While we rightly focus on what our leaders are doing/saying, we often forget that followers also get a vote. In fact, if followers don’t think the leaders are engaging in the correct course of action and refuse to follow, are they really leaders? A great experiment in this dynamic is taking place every day within the U.S. Customers and Border Protection agency of the Department of Homeland Security.
Under enormous stress to protect the southern border, agents are overwhelmed by huge numbers of people from all over the world illegally entering the United States. Yet, when they are caught, in many cases, they’re released outright into the country. Sure, they’re supposed to show up for their hearings and evaluations, but many don’t. So, our laws are broken and nothing apparently happens to the perpetrators. Even worse, a flood of dangerous drugs is coming across the border. That, coupled with the misery of human trafficking, is spreading the agents dangerously thin and exposing them to the same violence and dangers as the illegals. Not to mention the diseases and illness brought by these migrants, especially Covid.
Under this reality, the border patrol agents are rightly questioning their leaders on the policies currently sanctioned by the Biden Administration. Caught in between the two are Secretary Mayorkas of the Department of Health and Human Services and U.S. Border Patrol Chief Raul Ortiz. It seems that many of the rank-and-file officers of the CPB don’t agree with the policy and, in fact, think it’s detrimental to the well-being of the country.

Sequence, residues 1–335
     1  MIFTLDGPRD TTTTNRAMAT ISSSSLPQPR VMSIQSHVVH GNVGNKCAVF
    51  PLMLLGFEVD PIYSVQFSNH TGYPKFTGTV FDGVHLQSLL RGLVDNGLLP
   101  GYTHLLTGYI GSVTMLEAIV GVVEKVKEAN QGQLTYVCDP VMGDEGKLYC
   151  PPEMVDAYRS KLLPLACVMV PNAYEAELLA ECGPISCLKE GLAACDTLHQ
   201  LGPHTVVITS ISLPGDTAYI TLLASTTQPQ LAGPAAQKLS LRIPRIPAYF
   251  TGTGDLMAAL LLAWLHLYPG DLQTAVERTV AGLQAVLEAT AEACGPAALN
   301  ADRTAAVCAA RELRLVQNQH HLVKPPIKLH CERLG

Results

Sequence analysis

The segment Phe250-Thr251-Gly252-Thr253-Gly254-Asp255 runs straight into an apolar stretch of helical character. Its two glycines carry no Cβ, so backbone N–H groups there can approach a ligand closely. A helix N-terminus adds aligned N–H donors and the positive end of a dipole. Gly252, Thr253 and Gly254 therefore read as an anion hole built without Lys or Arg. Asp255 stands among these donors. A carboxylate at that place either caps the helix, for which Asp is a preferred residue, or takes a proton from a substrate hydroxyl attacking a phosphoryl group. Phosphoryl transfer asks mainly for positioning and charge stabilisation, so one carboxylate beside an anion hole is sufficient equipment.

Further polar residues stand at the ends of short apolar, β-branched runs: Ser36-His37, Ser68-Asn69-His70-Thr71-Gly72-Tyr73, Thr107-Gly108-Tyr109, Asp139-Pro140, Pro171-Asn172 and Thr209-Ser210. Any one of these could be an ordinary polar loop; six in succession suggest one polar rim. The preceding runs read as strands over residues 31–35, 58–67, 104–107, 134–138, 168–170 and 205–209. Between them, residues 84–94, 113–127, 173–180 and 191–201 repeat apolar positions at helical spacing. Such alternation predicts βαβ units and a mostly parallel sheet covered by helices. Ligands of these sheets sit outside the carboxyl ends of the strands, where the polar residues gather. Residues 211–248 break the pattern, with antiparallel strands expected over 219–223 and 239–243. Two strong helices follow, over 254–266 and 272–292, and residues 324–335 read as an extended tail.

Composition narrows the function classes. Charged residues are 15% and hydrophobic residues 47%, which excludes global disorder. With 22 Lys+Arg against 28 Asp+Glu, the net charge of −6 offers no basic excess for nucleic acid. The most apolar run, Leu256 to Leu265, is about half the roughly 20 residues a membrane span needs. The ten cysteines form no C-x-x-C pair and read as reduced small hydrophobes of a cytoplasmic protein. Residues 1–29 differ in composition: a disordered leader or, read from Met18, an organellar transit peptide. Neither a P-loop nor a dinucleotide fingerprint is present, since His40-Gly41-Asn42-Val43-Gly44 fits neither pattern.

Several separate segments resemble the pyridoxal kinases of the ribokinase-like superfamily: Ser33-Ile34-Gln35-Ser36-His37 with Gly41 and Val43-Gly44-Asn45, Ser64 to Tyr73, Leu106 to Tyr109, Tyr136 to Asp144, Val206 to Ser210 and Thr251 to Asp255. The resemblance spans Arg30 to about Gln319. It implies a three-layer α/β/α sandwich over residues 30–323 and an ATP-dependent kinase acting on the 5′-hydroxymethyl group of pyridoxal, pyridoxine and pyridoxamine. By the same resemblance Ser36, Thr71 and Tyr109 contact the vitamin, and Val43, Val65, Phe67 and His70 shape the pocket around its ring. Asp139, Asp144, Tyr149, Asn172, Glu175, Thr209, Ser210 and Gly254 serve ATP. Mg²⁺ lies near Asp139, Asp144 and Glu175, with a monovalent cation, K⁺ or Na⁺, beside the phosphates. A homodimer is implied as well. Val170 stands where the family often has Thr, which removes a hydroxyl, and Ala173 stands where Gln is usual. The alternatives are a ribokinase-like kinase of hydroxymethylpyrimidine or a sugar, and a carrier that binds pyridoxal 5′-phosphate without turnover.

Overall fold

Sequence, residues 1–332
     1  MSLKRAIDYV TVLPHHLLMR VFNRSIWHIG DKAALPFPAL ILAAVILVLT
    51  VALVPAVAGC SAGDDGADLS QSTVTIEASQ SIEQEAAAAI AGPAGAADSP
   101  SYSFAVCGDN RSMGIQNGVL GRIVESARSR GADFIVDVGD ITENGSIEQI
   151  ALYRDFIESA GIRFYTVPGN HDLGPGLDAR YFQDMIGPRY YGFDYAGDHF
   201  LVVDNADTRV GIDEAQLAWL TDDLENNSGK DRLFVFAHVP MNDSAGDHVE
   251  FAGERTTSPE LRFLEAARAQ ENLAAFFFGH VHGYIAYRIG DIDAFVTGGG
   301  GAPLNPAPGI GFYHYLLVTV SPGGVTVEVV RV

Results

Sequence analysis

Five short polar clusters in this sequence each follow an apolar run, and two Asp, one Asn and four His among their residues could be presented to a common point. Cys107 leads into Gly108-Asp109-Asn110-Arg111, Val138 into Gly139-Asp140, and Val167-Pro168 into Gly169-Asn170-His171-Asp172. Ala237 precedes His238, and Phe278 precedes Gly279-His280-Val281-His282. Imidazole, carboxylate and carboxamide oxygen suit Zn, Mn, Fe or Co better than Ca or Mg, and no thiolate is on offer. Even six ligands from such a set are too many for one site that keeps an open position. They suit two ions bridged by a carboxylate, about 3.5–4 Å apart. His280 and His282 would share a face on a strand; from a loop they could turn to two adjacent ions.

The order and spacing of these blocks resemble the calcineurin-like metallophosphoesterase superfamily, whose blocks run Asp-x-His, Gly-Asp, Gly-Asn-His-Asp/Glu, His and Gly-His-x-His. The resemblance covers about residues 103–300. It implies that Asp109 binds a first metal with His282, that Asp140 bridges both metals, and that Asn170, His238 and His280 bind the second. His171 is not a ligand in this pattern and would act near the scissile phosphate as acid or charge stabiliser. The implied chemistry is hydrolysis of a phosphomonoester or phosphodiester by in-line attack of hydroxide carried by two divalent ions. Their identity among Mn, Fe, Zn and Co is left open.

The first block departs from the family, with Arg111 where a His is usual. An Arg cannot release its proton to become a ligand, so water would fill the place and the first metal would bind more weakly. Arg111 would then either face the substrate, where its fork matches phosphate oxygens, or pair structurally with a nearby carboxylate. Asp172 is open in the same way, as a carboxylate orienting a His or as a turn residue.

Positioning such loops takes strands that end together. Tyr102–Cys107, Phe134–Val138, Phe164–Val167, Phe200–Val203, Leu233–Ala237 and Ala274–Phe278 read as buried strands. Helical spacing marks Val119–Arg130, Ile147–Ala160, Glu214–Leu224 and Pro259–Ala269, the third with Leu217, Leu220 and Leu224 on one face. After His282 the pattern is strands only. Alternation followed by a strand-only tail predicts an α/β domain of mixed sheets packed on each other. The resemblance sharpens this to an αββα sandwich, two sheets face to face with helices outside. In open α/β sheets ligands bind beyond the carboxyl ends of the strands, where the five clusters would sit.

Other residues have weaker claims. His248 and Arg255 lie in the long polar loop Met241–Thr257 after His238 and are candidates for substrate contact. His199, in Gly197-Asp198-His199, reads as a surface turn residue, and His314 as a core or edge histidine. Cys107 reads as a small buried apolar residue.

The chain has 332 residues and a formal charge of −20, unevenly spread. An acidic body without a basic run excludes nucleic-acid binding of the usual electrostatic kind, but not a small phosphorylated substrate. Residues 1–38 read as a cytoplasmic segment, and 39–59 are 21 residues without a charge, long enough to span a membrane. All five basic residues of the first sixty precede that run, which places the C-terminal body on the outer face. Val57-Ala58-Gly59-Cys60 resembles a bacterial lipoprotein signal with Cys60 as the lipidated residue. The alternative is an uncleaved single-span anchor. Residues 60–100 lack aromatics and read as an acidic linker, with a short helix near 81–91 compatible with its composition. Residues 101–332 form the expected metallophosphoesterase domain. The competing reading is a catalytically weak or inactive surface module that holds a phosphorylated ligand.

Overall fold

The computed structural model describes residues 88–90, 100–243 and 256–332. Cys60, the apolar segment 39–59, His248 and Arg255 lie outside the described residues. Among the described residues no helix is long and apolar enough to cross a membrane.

Too often those in leadership positions seem to forget that they must consider the equities of others involved in any action. In fact, those CBP officers might even be doing the secretary and the chief a favor by not being “yes men.” Followers who blindly align themselves with leaders and who go along with a course of action, even though they know it will fail, do the leader and the organization no good with their acquiescence. Rather, it’s often the follower who does the leader a service by pointing out that the plan has holes in it and will probably not succeed.
So, what should these leaders do?
To their credit, both Mayorkas and Ruiz met with agents in Laredo, Texas, on January 29 to talk about the current state of affairs but only Ruiz did any talking. Mayorkas, while present, was silent, but by all accounts, they both got an earful. The input they received was straightforward and direct and counter to what the administration has promoted to date. The agents see the carnage and are frustrated and angry regarding the current policy. However, both Mayorkas and Ruiz intimated that it probably wasn’t going to change anytime soon.
Time will tell if that’s the case but both men, and by extension the president, may be approaching a tipping point regarding what followers will tolerate. At the point where the rules no longer make sense the followers will no longer abide by them. And then the leader no longer has the capacity to lead.